Legal Structure of the Clause Prohibiting Performance Requirements in International Investment Agreements (Japanese)
When investors start or maintain foreign direct investment activities, host States often either impose or enforce them to perform some requirements, which are called "performance requirements" (PR). Investors are required, for example, either to achieve a given level or percentage of domestic content or to transfer a particular technology. The intention of host States is to obtain economic merits from the investment activities within their territories. As the PR distorts free investment activities, international investment agreements (IIAs) generally prohibit the host State's PR. This paper examines a wide range of problems relating to the PR and the PR Prohibition Clause. First, there are two styles of regulating the PR: The North American style, which lists each prohibited PR, and the European style, which incorporates the PR prohibition in a fair and equitable treatment clause. Japan's IIAs generally adopt the North American style. Second, we examine the arbitral practice which clarifies the "formal" examination of the PR clause by the tribunals and the "connection" criteria as an applicability of the PR clause to some concrete circumstances. Third, as a result of the above examination, we make some proposals on the ongoing or future negotiation of Japan's free trade agreements (FTAs) and bilateral investment treaties (BITs), such as the Trans-Pacific Partnership (TPP), the Japan-Myanmar BIT, and the Japan-China-Korea FTA.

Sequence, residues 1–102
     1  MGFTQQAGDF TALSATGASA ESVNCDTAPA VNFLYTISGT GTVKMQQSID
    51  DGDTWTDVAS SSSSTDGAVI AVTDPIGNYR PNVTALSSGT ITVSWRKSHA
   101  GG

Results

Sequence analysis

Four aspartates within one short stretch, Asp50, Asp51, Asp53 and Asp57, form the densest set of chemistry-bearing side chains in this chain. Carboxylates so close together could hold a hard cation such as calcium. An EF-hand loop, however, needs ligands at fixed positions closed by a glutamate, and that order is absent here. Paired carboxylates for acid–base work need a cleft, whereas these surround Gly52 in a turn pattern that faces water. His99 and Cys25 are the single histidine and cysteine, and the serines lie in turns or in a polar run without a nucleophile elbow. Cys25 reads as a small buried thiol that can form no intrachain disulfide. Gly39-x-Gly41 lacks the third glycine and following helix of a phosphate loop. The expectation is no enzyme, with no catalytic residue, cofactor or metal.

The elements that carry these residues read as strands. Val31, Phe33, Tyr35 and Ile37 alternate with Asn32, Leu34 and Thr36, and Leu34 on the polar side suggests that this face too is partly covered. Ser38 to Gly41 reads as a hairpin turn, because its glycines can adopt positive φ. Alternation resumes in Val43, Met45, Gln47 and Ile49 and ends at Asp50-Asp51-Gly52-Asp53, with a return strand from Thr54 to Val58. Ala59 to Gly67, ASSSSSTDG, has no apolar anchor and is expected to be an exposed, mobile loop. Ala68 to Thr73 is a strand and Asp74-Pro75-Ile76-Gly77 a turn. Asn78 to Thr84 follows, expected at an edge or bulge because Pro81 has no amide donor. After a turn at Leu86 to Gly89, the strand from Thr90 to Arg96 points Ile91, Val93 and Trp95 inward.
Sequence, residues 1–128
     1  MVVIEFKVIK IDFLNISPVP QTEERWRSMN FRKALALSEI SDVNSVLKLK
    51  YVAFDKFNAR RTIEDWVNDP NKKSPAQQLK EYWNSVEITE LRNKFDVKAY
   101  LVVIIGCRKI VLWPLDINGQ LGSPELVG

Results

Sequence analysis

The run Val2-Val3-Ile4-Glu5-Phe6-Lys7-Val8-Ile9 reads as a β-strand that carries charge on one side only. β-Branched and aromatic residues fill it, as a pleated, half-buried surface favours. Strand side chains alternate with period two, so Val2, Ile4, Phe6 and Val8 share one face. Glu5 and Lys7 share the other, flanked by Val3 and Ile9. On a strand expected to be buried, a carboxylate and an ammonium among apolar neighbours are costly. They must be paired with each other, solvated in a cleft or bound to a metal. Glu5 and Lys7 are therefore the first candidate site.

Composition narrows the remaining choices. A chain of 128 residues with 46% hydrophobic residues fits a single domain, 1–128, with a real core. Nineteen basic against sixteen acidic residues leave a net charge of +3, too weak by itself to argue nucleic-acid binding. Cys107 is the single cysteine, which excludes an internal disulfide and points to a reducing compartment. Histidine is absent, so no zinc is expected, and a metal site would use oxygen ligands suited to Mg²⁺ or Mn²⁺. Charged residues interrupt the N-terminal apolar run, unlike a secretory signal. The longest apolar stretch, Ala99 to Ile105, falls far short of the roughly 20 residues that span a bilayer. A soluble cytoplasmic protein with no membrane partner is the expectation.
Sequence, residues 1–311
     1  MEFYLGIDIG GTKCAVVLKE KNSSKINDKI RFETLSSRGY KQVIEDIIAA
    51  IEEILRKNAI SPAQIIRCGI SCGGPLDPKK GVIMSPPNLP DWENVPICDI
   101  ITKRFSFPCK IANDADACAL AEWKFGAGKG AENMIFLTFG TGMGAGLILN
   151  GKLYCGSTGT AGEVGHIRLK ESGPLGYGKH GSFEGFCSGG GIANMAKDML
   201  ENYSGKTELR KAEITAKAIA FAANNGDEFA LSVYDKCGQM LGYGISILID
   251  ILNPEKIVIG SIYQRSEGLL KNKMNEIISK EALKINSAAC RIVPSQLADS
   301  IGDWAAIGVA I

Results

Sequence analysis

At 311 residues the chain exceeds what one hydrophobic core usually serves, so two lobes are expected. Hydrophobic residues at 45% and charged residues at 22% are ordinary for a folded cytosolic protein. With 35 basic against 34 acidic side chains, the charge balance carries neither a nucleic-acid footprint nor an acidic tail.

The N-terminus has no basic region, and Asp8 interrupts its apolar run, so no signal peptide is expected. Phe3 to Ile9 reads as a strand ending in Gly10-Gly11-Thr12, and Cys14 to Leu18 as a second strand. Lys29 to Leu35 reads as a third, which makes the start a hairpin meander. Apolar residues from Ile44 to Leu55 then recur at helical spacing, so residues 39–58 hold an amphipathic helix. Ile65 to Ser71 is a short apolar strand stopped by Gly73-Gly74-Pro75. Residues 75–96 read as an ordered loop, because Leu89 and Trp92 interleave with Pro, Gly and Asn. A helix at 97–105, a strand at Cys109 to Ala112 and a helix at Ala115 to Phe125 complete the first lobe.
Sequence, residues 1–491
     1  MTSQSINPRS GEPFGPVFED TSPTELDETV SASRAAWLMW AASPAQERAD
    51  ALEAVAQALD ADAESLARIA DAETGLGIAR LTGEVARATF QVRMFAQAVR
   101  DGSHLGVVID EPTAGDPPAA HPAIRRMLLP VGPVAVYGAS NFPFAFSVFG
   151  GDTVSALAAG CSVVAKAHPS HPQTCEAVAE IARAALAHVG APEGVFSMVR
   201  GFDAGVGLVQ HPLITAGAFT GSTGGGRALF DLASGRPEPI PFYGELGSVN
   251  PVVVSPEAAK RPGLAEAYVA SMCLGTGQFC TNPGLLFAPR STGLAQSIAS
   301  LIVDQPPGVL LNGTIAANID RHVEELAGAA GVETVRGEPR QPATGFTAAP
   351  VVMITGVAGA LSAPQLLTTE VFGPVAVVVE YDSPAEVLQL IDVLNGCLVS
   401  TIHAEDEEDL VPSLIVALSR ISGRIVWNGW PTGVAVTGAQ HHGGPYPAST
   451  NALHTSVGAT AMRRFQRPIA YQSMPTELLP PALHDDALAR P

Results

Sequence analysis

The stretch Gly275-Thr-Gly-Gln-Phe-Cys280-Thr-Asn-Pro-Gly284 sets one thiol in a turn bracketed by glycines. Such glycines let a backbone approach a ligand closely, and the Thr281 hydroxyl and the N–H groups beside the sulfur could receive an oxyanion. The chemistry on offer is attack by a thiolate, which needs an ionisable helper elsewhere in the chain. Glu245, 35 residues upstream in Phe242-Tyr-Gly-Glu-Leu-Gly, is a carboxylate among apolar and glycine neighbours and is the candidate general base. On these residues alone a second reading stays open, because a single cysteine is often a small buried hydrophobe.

|Date of creation:||Jul 2012|
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